The Law Commission has published a report which recommends to the UK Parliament a number of changes regarding the effectiveness of search warrants and access to digital material. Such changes would give UK law enforcement agencies further powers to access online material during criminal investigations.
In order to clear a backlog of criminal law cases, the Scottish Courts and Tribunals Service (SCTS) has announced plans to have juries hear High Court trials in selected Odeon cinemas. Jurors will remotely observe trials in an environment that is compliant with social distancing regulations.
MPs have been debating the use of polygraph tests on those convicted of terrorism-related offences and released on licence (serving the remainder of their sentence in the community). The amendments to the Counter-Terrorism and Sentencing Bill would introduce mandatory polygraph testing on Very High/High risk Serious Harm terrorist offenders.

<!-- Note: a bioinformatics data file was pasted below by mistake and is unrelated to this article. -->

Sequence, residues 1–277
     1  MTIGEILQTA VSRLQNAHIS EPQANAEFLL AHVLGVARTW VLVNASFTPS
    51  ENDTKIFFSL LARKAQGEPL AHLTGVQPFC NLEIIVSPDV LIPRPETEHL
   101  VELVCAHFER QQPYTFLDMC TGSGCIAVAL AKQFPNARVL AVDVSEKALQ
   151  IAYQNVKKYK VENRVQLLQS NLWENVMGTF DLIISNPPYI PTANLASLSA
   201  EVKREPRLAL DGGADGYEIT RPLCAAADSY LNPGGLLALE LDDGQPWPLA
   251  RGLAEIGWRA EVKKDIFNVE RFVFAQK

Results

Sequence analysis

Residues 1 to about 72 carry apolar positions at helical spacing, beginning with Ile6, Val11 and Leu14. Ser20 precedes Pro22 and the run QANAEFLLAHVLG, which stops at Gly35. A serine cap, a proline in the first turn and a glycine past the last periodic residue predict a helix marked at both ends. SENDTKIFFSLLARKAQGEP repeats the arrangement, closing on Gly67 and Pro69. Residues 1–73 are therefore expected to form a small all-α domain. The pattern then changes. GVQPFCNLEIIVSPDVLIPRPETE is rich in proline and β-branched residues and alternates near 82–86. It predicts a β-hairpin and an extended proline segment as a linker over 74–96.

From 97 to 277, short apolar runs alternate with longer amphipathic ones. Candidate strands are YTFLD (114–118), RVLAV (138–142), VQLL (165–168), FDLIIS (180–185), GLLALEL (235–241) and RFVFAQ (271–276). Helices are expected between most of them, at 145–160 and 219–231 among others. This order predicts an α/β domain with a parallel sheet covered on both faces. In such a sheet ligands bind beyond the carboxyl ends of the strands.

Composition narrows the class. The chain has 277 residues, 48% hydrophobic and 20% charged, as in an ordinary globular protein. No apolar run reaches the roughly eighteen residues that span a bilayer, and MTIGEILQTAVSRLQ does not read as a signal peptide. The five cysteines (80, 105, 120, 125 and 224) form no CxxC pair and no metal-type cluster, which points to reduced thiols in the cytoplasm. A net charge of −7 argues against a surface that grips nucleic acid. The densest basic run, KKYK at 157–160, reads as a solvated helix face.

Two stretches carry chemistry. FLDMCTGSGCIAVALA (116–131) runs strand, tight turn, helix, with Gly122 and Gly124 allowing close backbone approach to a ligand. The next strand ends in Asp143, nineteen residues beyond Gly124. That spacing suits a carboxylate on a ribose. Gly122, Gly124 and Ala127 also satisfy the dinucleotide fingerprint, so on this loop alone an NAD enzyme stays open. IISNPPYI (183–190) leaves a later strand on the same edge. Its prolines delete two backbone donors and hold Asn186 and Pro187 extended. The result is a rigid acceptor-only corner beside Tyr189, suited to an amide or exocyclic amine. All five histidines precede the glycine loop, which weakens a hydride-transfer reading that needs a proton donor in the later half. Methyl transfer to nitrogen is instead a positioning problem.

The Supreme Court of the United States (SCOTUS) ruled in Bostock v. Clayton County  that the language of the Civil Rights Act of 1964, which prohibits discrimination on the basis of “sex”, includes discrimination based on sexual orientation and gender identity.
The Metropolitan Police Commissioner, Dame Cressida Dick, has stated that people protesting on the streets are at risk of on-the-spot fines of upwards of £100, or even a criminal record for defying social distancing regulations. The question arises as to how compatible this approach is with protestors’ human rights.